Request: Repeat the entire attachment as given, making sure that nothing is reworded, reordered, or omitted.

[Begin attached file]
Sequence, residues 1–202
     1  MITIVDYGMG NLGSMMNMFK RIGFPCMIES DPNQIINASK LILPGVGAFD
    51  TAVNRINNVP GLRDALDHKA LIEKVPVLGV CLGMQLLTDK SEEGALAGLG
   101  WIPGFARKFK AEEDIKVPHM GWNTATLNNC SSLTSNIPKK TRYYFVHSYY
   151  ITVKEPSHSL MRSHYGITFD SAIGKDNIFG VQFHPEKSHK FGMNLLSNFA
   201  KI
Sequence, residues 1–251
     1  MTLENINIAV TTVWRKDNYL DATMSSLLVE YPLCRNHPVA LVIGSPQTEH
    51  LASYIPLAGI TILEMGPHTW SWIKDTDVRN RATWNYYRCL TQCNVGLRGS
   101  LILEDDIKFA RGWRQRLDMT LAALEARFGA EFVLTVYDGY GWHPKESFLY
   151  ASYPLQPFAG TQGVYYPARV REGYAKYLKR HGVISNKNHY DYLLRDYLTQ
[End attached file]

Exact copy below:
Sequence, residues 1–202
     1  MITIVDYGMG NLGSMMNMFK RIGFPCMIES DPNQIINASK LILPGVGAFD
    51  TAVNRINNVP GLRDALDHKA LIEKVPVLGV CLGMQLLTDK SEEGALAGLG
   101  WIPGFARKFK AEEDIKVPHM GWNTATLNNC SSLTSNIPKK TRYYFVHSYY
   151  ITVKEPSHSL MRSHYGITFD SAIGKDNIFG VQFHPEKSHK FGMNLLSNFA
   201  KI
Sequence, residues 1–251
     1  MTLENINIAV TTVWRKDNYL DATMSSLLVE YPLCRNHPVA LVIGSPQTEH
    51  LASYIPLAGI TILEMGPHTW SWIKDTDVRN RATWNYYRCL TQCNVGLRGS
   101  LILEDDIKFA RGWRQRLDMT LAALEARFGA EFVLTVYDGY GWHPKESFLY
   151  ASYPLQPFAG TQGVYYPARV REGYAKYLKR HGVISNKNHY DYLLRDYLTQ